So, again, we feel the economics weigh against hedging it, but way we'd like to see not the earnings volatility that we get, I think, the fortunate thing is, our analyst group sort of gets it and looks more to the core or operating numbers. And we really do appreciate that. As I just mentioned, we've already retraced about 60% of the first quarter decline, so if that holds out we're likely to get a jump back on that fair value change. So while frustrating, that's where we end up when all the dust settles.

Brad Kessel -- President and Chief Executive Officer

And Rob, when we look at 2018, there was a lot of volatility there for the entire fiscal year?

Robert Shuster -- Executive Vice President and Chief Financial Officer

We changed $200,000. So, if you go a look at last year, we were up in fair value due to price in the first three quarters, but the two middle quarters were lower numbers. And then, we gave back most of it in the fourth quarter. So we ended the year, as Brad said, we were plus $190,000. So that's what we hope when all the dust settles this year, that when we get to year end, it's not a big number either way. But I know, it's frustrating for us too, so --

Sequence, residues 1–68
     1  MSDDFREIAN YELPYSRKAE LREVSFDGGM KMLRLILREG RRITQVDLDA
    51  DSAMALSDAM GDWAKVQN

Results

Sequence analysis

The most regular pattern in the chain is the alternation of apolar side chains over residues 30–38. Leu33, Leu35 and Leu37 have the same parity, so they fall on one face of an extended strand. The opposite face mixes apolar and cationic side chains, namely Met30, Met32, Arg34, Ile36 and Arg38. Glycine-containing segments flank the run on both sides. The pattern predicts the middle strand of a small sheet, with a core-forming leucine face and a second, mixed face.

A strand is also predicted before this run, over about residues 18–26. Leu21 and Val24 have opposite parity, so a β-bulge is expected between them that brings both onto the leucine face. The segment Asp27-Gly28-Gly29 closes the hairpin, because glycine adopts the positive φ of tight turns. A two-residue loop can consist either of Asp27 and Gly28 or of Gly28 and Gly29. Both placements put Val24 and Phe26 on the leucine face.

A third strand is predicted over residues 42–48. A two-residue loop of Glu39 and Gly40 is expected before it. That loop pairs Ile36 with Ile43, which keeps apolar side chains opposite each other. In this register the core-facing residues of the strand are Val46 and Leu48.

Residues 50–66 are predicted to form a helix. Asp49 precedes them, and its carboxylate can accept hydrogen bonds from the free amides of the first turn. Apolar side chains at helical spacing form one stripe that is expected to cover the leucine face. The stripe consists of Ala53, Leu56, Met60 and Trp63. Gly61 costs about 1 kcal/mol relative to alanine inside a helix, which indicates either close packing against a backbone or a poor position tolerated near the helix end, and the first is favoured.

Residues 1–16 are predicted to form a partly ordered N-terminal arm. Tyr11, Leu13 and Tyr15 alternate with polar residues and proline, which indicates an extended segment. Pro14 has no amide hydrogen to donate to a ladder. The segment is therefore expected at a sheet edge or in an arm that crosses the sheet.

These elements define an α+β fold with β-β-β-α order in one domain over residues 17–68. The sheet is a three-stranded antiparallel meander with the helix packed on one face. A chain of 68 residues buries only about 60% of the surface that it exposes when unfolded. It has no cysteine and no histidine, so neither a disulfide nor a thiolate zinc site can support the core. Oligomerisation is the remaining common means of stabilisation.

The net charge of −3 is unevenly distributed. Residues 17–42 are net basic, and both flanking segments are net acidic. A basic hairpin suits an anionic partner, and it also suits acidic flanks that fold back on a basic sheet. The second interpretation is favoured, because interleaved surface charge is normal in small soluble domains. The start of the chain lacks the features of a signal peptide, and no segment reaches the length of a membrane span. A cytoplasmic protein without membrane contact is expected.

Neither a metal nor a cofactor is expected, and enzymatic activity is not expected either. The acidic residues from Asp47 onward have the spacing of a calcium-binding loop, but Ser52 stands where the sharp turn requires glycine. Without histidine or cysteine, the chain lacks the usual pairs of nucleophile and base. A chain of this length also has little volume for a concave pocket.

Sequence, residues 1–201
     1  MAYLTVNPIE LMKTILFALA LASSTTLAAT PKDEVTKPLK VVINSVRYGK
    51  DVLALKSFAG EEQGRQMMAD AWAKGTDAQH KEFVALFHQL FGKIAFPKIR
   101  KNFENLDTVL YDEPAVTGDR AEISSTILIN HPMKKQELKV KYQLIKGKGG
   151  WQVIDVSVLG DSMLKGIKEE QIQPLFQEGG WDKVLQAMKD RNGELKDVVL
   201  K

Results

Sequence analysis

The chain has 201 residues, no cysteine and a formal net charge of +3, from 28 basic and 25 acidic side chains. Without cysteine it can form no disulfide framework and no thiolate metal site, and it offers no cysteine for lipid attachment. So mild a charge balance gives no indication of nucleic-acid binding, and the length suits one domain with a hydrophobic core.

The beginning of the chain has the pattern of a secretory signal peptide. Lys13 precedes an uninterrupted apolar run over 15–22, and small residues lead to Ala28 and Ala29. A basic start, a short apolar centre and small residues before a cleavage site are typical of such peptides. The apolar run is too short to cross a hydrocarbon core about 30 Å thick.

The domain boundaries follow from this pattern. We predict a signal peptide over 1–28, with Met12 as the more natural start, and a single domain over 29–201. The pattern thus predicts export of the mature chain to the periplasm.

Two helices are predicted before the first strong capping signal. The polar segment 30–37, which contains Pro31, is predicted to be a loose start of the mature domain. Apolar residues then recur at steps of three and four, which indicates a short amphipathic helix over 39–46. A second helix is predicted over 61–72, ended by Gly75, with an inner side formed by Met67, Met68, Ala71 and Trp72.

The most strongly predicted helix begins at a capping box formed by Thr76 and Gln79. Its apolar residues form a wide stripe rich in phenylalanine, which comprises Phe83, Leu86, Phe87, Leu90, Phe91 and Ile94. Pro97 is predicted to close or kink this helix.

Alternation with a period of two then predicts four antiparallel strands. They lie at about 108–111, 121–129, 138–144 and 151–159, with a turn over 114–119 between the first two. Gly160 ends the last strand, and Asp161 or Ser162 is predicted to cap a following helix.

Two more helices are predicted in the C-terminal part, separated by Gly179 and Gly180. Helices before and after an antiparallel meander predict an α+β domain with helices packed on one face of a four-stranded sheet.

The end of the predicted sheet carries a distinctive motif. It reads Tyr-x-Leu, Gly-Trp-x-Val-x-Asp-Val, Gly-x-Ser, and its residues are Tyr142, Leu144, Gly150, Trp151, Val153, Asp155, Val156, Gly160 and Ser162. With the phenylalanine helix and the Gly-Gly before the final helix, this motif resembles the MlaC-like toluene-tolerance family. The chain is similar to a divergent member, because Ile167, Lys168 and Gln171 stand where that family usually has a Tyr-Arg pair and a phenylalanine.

Brad Kessel -- President and Chief Executive Officer

Good question, Scott.

Scott Beury -- Boenning & Scattergood -- Analyst

All right. That's a great explanation. Yes. I understand it's not a simplistic answer. And thanks for giving the color on how you guys are thinking about it. That's helpful. That is all I have. So, thank you.

Brad Kessel -- President and Chief Executive Officer

Thank you.

Operator --

This concludes our question-and-answer session. I would like to turn the conference back over to Mr. Brad Kessel for any closing remarks.

Brad Kessel -- President and Chief Executive Officer

We would like to thank each of you for your interest in the Independent Bank Corporation and for joining us on today's call. We wish you all a great day.

Operator --

The conference has now concluded. Thank you for attending today's presentation. You may now disconnect.

Duration: 48 minutes

Call participants:

Operator --

Brad Kessel -- President and Chief Executive Officer

Robert Shuster -- Executive Vice President and Chief Financial Officer

Brendan Nosal -- Sandler O'Neill -- Analyst

Damon DelMonte -- KBW -- Analyst

John Rodis -- FIG Partners -- Analyst

Scott Beury -- Boenning & Scattergood -- Analyst

More IBCP analysis